29 May 2012

Mastery Over The Radish

There's nothing like a crisp, crunchy, sweet, solid, mildly tangy radish. I looked forward to this every spring for the past ten years. But, a master gardener with landscape architect friends growing up with a gardening mom could not grow radishes. They were supposed to be easy. School children grew them. Master gardeners in my class either looked with pity on me or laughed when I told them of my inadequacy.

Every year my radishes (Raphanus sativus) sprouted. Every year they grew beautiful green foliage. End of story. As you can tell from the photos, this year was fulfillment. Break open the champagne and strike up the hallelujah chorus: it's time to celebrate! I was so excited to document the proof that I didn't even wash them before their photo shoot.

This is the only plant that I refused to give up on. I was going to grow radishes one way or another. I am not sure what did the trick this year, but here is my experience, failure by failure.
    After successive seasons sans radishes (in truth, I would eek out maybe two or three from the batch):
  • I tried a different variety, moving from Cherry Belle to Champion for the next two years. It was not a champ.
  • From there, I moved to Japanese white icicle radishes. The seed companies got richer.
  • I read that radishes bolted when the weather got hot. So, I planted early. Instead of 30 days, they took 60 days to mature (again in warm weather).
  • I tried slow release fertilizer next year.
  • I read that they should not be fertilized, so I left off all fertilizer and soil amendments.
  • I read they need more sun than my back garden might be providing, so I moved them to the side garden with lots of sun.
  • I read they can't have too much water, so I did not water them when the weather became dry.
  • This year, I tried them in the front cottage flower garden, and got radishes.

So, the front yard had the right stuff. And best of all, they contributed to the cottage garden. My 2012 radishes created a green leafy border while the zinnia and alyssum volunteers mature enough to take on their border duty. They join the spinach, pepper, onions, lettuce, and basil planted among the blooms. (The green nicotiana look so great because they overwintered. Anyone need a seedling or two?) Tidbits of information: written history shows the Greeks grew them, but no one is sure where they came from. They are planted as a companion crop because of their ability to attract flea beetles that go for the leaves (and not other plants) while not harming the crop below ground. Is there a plant that is your nemeses - everyone on the planet can grow except you? Update: The variety this year was Crimson Giant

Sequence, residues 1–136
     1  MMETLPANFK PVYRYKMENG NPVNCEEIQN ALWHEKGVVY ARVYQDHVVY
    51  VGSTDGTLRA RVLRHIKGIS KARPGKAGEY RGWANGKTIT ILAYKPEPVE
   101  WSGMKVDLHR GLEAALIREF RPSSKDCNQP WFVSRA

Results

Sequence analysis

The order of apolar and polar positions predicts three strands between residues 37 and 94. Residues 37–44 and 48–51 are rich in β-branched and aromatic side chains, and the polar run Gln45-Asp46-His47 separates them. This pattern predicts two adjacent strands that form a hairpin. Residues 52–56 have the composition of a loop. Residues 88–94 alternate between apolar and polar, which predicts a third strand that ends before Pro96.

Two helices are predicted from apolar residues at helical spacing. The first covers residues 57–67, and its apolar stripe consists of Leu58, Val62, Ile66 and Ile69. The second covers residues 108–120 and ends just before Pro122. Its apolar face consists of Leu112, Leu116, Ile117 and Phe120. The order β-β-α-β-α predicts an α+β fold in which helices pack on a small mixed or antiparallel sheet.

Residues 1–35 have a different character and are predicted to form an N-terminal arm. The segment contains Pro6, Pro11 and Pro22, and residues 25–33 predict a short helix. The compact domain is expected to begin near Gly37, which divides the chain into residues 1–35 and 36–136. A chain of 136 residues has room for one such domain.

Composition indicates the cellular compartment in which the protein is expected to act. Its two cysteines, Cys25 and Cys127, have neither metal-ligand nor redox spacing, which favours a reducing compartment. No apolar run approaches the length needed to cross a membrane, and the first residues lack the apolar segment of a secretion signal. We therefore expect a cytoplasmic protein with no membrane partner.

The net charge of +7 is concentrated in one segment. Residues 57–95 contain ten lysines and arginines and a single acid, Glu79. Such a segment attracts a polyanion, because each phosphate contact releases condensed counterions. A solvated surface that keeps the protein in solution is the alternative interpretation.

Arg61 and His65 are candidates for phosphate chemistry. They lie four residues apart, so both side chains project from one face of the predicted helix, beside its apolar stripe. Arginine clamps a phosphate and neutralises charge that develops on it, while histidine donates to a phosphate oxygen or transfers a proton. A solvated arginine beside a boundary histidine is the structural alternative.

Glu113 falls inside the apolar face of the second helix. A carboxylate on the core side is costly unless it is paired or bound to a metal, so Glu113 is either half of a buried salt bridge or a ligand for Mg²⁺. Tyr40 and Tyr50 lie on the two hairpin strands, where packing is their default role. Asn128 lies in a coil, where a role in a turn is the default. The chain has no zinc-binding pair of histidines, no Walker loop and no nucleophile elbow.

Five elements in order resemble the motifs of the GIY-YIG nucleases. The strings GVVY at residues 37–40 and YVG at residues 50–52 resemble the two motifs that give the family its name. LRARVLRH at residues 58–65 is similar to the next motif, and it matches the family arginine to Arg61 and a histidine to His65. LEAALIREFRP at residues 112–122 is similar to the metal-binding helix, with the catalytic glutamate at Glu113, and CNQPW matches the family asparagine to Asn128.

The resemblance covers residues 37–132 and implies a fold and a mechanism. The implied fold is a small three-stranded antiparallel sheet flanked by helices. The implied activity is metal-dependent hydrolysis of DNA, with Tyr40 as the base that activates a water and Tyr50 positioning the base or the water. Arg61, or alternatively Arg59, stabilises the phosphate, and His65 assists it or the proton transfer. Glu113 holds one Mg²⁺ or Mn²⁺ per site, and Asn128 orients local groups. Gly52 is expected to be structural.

For The Record:
  • Variety: Crimson Giant
  • Drained, fairly good loose soil
  • Full sun
  • No fertilizer
  • Some slug (or flea beetle) damage to foliage

Garden Calendar:
  • Blooming: Echinacea, nicotiana, coreopsis, peony poppy, geranium, cactus, asiatic lily
  • Harvested: 5 radish

23 May 2012

Dueling Red Hot Pokers

OK. Que up the music from Deliverance. The red hot pokers (Kniphofia uvaria) are playing out a duet yet sparring with each other. Here's their updated story.

They were planted from seed about four years ago after I saw them and thought they looked really cool and different. (I'm a sucker for those botanical attributes.) Three plants took and grew and bloomed in their second year. And grew. And grew. I wrote about their first bloom two years ago [posted 26.06.2010] and the reasons I fell out of love with them: